coot, dabchick, Grant Arms Hotel, greylag goose, lapwing, little grebe, Loch Leven, Queensferry Bridge, Steve Richards, tufted duck, viper's bugloss
It was with a distinct pang of regret that I left the Grant Arms Hotel after breakfast on Wednesday, 16th June. As during my previous stay in June 2019, I had felt so well looked after. For anyone who would like a holiday in the Cairngorms – not just for wildlife purposes – I cannot recommend it highly enough.
But it was time to make my way southwards. Indeed, I needed to descend (map-wise that is) through Scotland rather more speedily than I had travelled on my way ‘up’, as I wanted to spend a couple of hours at RSPB Loch Leven, given that it was so near to Kinross Services. So I took the faster A9 road, and stopped for no photos, much as I would have liked to. As the previous week, I plugged Steve Richards’s latest podcast into my ears, having downloaded it at the hotel, and was pleased to find that he had taken, not for the first time, one of my comments or questions to respond to. Moreover, he had mentioned my journey northwards. (And the following week he did the same again, this time referring to my journey southwards. He enjoys including personal references to his listeners who contact him.)
After stocking up on fuel and food provisions at Kinross Services, I made my way to Loch Leven, and spent a couple of hours there, in three hides, each quite close to the others. As I moved to, between, and from the hides, I enjoyed looking at the the wildflower meadows as much as I did at the birds.
Way in the distance I spotted one of my favourite birds, a lapwing, aka peewit from its call.
And then I noticed one ferreting around much closer to the hide.
It stayed quite a while. I moved to the next hide. As with the others, I had it to myself.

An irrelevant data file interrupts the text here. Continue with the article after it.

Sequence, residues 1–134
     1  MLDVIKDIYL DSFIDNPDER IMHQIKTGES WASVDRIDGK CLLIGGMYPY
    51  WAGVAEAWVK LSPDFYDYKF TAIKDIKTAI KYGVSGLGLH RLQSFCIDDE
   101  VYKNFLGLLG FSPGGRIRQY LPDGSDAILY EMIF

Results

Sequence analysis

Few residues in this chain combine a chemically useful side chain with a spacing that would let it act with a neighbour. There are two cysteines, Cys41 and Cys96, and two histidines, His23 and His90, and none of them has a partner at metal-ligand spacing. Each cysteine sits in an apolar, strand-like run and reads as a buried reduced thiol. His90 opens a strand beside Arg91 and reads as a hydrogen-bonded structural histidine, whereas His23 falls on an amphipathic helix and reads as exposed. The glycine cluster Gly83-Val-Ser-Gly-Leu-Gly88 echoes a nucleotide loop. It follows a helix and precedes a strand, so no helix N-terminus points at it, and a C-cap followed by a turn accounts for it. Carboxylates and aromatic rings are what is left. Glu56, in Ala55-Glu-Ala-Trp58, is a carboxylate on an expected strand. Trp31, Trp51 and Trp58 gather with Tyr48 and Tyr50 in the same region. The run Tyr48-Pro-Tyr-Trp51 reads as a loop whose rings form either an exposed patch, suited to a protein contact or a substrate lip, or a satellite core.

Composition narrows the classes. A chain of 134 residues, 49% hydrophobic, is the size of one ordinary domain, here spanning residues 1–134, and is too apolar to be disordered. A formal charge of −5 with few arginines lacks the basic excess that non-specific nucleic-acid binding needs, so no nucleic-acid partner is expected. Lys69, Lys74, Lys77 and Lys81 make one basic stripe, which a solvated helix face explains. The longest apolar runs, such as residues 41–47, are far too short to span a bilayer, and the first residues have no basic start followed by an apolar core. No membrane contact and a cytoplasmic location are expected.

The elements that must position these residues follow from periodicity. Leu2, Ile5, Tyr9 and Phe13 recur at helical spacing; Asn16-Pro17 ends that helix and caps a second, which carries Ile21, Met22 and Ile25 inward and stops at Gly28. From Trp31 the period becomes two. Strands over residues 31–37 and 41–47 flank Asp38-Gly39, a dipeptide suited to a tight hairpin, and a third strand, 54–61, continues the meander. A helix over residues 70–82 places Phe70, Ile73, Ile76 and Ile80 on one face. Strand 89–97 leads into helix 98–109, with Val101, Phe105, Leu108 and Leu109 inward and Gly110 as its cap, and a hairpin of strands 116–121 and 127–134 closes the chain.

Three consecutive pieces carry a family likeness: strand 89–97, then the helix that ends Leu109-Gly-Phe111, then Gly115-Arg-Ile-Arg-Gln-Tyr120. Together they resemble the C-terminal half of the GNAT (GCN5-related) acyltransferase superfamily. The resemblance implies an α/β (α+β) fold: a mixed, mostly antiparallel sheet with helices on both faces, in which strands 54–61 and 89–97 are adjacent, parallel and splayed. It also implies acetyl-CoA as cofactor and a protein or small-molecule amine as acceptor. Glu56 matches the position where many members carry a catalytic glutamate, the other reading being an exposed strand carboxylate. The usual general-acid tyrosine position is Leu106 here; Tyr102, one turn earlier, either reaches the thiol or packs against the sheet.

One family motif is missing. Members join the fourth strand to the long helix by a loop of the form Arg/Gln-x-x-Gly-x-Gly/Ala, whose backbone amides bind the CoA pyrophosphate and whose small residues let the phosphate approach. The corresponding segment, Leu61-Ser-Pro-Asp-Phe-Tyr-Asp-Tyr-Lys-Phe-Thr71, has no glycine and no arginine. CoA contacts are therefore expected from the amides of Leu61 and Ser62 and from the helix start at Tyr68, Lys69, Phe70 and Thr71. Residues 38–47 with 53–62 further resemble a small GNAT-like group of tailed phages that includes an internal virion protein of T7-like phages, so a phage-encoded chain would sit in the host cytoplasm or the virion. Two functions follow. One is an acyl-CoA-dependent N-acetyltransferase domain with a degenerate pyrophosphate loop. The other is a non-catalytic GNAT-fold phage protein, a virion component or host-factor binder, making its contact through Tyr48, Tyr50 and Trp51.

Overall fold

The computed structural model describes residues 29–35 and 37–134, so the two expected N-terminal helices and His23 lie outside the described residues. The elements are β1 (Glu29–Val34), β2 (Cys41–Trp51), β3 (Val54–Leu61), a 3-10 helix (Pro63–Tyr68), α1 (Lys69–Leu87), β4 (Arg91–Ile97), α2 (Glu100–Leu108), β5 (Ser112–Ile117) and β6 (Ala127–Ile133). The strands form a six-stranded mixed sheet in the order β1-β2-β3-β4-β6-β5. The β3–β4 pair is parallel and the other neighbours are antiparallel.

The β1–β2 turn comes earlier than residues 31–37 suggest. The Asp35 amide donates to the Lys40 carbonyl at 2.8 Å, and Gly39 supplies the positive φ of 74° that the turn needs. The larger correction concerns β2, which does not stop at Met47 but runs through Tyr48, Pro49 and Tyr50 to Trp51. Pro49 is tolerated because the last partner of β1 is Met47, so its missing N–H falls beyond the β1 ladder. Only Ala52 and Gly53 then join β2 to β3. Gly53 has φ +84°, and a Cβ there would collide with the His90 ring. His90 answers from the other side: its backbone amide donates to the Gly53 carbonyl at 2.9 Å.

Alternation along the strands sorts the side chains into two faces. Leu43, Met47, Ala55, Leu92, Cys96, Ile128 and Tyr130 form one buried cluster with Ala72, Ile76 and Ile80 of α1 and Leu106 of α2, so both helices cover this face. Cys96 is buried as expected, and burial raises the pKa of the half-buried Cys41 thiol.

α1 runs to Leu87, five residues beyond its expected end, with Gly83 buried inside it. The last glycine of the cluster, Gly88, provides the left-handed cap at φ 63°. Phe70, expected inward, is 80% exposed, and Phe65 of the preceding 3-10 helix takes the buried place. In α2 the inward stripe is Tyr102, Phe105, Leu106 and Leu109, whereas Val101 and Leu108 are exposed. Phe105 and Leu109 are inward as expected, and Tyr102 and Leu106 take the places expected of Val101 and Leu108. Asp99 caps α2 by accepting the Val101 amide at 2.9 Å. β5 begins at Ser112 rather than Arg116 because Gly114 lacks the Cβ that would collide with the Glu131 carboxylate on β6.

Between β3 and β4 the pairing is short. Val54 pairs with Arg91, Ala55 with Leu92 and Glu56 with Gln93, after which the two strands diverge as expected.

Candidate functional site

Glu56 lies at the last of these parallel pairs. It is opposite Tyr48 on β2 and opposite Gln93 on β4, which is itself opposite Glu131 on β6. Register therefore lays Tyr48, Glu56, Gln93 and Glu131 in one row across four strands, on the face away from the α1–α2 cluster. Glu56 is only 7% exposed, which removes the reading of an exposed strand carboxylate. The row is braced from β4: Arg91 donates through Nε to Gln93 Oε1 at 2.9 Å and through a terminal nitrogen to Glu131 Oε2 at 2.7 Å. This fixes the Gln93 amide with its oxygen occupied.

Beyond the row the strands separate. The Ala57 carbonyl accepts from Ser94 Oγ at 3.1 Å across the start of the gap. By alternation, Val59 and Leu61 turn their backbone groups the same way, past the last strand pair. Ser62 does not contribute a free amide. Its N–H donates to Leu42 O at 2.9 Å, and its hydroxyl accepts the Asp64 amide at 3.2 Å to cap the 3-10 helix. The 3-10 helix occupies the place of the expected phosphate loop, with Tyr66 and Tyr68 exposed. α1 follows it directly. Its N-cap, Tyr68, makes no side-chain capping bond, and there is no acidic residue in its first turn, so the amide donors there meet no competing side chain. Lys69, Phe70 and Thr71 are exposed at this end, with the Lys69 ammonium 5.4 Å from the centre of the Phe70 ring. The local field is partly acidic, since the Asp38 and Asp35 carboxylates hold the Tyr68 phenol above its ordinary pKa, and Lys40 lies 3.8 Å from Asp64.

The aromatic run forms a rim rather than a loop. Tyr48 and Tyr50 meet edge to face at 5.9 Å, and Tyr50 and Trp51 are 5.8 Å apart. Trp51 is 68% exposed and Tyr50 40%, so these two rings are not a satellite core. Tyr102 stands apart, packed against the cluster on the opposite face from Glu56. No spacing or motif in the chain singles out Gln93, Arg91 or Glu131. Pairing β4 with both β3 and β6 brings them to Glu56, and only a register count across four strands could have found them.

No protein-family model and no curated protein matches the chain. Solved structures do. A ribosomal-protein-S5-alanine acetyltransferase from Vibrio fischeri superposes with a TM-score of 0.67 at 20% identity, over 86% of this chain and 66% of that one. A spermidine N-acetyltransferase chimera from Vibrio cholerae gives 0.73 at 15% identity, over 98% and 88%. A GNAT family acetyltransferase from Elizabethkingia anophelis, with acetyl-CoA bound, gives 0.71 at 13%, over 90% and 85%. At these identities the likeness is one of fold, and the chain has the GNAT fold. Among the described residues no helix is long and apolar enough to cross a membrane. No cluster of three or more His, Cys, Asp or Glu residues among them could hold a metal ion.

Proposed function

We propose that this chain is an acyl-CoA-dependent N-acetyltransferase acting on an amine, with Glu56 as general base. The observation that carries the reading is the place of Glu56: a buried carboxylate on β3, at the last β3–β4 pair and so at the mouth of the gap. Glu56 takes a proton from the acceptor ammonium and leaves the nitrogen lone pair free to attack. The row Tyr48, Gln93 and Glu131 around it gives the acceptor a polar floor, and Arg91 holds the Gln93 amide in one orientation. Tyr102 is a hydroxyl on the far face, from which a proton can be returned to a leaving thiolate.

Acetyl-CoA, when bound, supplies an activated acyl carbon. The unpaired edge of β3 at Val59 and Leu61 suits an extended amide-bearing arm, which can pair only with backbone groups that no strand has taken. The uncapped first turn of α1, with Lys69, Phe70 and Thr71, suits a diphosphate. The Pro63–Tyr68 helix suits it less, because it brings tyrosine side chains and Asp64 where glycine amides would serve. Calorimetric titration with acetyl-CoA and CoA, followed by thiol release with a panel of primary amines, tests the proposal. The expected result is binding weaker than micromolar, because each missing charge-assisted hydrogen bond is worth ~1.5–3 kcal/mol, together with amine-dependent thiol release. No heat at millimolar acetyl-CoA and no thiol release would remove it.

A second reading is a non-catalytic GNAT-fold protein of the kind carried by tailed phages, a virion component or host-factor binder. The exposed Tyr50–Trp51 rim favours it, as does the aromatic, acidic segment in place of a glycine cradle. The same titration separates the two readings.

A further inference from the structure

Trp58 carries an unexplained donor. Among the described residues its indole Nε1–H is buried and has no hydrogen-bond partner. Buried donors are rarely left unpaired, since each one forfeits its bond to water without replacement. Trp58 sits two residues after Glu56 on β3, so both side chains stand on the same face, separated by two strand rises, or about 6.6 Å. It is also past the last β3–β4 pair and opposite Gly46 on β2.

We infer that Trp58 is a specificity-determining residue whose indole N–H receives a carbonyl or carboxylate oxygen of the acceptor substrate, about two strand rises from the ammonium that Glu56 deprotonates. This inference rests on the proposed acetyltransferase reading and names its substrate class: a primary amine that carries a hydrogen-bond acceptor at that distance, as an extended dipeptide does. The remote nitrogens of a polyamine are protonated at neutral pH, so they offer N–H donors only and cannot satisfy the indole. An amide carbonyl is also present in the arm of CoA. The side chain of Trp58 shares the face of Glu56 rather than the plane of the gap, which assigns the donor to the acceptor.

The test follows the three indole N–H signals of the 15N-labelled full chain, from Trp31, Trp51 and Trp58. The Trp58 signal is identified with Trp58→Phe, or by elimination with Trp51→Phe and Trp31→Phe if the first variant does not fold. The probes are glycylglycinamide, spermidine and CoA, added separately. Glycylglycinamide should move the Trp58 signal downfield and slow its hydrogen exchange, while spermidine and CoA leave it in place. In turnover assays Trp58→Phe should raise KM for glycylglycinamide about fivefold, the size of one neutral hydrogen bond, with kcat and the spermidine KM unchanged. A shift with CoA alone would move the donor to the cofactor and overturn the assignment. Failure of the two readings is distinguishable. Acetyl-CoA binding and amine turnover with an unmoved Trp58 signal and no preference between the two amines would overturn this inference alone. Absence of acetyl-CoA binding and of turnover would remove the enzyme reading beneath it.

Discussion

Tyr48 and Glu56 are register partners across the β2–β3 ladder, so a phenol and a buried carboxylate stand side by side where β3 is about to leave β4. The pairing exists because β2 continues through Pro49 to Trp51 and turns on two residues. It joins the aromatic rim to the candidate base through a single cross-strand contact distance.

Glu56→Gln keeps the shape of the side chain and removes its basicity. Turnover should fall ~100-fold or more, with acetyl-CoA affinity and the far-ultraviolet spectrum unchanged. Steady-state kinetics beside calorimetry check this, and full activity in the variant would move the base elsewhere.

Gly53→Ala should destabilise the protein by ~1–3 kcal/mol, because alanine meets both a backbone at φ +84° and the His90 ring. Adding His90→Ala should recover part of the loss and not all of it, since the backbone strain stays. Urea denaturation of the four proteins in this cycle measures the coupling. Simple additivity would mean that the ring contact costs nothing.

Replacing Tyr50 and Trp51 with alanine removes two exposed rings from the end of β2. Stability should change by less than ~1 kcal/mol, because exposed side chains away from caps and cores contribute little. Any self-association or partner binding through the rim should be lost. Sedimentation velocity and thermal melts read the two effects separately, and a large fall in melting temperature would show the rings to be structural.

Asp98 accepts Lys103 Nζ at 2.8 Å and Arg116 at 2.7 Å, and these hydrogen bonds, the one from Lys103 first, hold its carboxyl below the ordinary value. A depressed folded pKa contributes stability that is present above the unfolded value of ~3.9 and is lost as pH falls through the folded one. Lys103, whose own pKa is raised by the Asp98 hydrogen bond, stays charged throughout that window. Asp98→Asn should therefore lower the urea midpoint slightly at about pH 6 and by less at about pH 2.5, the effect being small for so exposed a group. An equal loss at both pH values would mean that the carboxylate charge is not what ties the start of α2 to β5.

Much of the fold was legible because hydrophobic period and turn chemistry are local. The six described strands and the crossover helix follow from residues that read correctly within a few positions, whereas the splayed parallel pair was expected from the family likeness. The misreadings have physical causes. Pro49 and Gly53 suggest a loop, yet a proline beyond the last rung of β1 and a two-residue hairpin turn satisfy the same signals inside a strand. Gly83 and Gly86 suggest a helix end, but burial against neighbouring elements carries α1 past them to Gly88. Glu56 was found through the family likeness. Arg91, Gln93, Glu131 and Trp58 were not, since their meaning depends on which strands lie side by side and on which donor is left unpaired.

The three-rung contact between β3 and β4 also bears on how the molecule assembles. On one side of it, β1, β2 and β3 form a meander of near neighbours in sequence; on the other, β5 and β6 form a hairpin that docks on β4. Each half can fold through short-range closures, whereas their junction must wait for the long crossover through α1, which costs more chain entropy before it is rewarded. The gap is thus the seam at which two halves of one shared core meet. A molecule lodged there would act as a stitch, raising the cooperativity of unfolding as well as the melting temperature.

There were several artificial ‘islands’ where birds could nest safely.
I took a final picture as I made my way back to my car afters two hours. I needed to move on.
Another enjoyable crossing via the Queensferry Bridge, though in rather faster moving traffic this time, and then I disobeyed my satnav’s instruction to avoid Edinburgh by using on the motorways surrounding the city to the south, and went instead across the top, parallel to the Forth, though sadly not actually seeing much of it. I had only visited Edinburgh once before, on a management course some 50 years previous (!) and I was pleased to see a little of it as I drove through in the very slow, sometimes stationary, traffic.
It was a lovely, but by now tiring, drive further along the Forth/North Sea coastline to Berwick-on-Tweed, where I was very happy to flop for the rest of the evening in my pre-booked B’n’B. It always amuses me when places give you a key to the front door, ‘for if you come in after 11 o’clock’. I wasn’t going anywhere after such a long day!
Thank you for this, in a location new to me.
I think that’s Yellow Rattle in your penultimate photo. Its value is in reducing the grass growth, for it’s a semi-parasite, feeding on grass roots. The reduction allows other plants space and light.
It is indeed yellow rattle. I’m encouraging it in my own garden, and I’m pleased to see it’s spreading of its own accord.
If you or your friends need seed, there is plenty where I help.
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What an exciting day you had as well as all that driving. No wonder you were pleased to ‘flop’ at the end it . Loved all those wonderful pictures you took on the loch, what an experience.
Despite the grey skies, it was rather special.
De belles observations pour quitter l’Écosse en douceur.
Ta photo de vipérine montre bien d’où cette fleur porte son nom. Beaucoup aimé les grèbes castagneux, surtout celui avec sa prise. Une “chouette” prairie finale.
Ton blog me donne l’occasion d’améliorer mon vocabulaire en faune et flore 😉
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I’m glad still to be an English teacher!
Lovely pictures at Loch Leven. Enjoyed a sight of the lapwing and dabchick and all the other pictures along the way.
You’ve picked out my two favourites.